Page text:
if you deliver this with a fan, you get 90 mm of airspread with a 90mm fan (approx). with a tube of 10mm, you will get very directed air.. but you want to cool a larger area.. this means you now have to put something on the front of your tube like a garden hose to "spread" the air again, making it noisy..

     

    I'm not sure I agree with this...

    Alot of 3d printer fanducts are designed to funnel the air and direct it right below the nozzle tip... Like:

    http://www.thingiverse.com/thing:17768

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    Posted · The air pump approach

    Just make sure you buy a "blower" and not a "fan". A fan has about 5 blades. A blower has about 50 blades. That's all you really need to know.

     

    Thanks for the info, I didn't know that, just like Tommyph1208 exploring what kind of cooling fit's the best for my purpose.....

     

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    Posted · The air pump approach

    i would see a different issue;

    not just the airflow but also the spread of air.

    if you deliver this with a fan, you get 90 mm of airspread with a 90mm fan (approx). with a tube of 10mm, you will get very directed air.. but you want to cool a larger area.. this means you now have to put something on the front of your tube like a garden hose to "spread" the air again, making it noisy..

     

    It could be, but if you print a big part you don't really need the cooling there, just close around the nozzle will do.

    For more then 70% of my prints I don't use the fan at all, only for tiny prints the fan is switched on.

    From my experience, a wide spread air flow attached on the printhead will not only cool the filament but also the heated bed and in worse case the nozzle itself.

     

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    Posted · The air pump approach
    Thanks for the info, I didn't know that, just like Tommyph1208 exploring what kind of cooling fit's the best for my purpose.....

     

    Look into the crossflow fan approach as well:

    http://umforum.ultimaker.com/index.php?/topic/3890-the-crossflow-fan-approach/?hl=crossflow

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    Posted · The air pump approach

    I already did at the beginning when foehnsturm posted that thread.

    I've tried it but for me the only downside of that cooling system is that the cooling from the blowing side is good, the other a little less.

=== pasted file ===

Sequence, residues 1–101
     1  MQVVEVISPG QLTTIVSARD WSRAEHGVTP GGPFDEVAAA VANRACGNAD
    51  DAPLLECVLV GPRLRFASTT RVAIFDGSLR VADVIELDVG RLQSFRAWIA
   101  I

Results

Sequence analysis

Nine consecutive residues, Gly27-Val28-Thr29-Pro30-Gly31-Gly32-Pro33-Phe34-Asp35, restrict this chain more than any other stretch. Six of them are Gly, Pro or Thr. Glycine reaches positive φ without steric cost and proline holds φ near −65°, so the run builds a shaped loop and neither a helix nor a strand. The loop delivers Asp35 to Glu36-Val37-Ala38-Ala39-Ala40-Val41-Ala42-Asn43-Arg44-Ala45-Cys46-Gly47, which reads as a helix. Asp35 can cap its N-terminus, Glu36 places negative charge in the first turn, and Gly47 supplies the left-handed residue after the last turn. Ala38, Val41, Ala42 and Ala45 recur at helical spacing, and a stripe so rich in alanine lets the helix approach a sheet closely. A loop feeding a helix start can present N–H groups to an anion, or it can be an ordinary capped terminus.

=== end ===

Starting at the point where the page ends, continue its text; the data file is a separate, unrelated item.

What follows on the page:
I also attached a kind of flow directioner onto the print-head but didn't get the results I wanted.

    As I already mentioned, I only use cooling for small parts.

    It's not that I'm actively seeking for an alternative cooling for my printer, only commented that I've tried aquarium air pumps :-)

     

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    Posted · The air pump approach

    Alot of 3d printer fanducts are designed to funnel the air and direct it right below the nozzle tip... Like:

    http://www.thingiverse.com/thing:17768

     

    I think those fan ducts do more harm than good. The fan ends up sending out almost no air at all. I tried a few of those and went back to the original design. Some of them are okay but if you constrict the flow too much you end up with almost no flow at all. The fan just isn't designed for ducts. Try measuring the flow with and without the duct. I did and was a little surprised.

     

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    Posted · The air pump approach

    Since the point of blowing air onto the print is to spot cool what has just been extruded, then isn't another factor the temperature of the air that is being delivered? If so, then compressed air that is at room temperature while under pressure will deliver a lot of chill for little flow. Perhaps an airbrush pump paired with a tank connected to something like Chopmeister's rig would do it.

    Edit: this looked interesting. I have no idea the cost.

    https://www.vortec.com/Asset/Cold_Air_Gun.pdf

     

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    Posted · The air pump approach

    Hey guys,

    FYI, I bought a cheap aquarium blower for 25$ attached 2 silicone tubes , made flattened endings from aluminium tape and mounted them about 1 cm away from the nozzle, on both sides. Works like a charm.

    I also got 2 small centrifugal fans which i'll be testing now. After artificially narrowing the exhaust, the air output is comparable to aquarium pump, but a bit stronger and more even - the aquarium pump literally sends air in mini blasts.

     

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    Posted · The air pump approach

    Very intrested in the blower approach, i am thinking about fitting a combination, both blower and crossfan to our crazy modified UMO with heated chamber to get the plastic to cool down to tg very fast but not any further.

     

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    Posted · The air pump approach

    Hey guys,

    FYI, I bought a cheap aquarium blower for 25$ attached 2 silicone tubes , made flattened endings from aluminium tape and mounted them about 1 cm away from the nozzle, on both sides. Works like a charm.

    I also got 2 small centrifugal fans which i'll be testing now. After artificially narrowing the exhaust, the air output is comparable to aquarium pump, but a bit stronger and more even - the aquarium pump literally sends air in mini blasts.

     

    Very interesting! - could you pleas epost a few pictures - would help to imagine you rsolution :-)

    Thanky in advance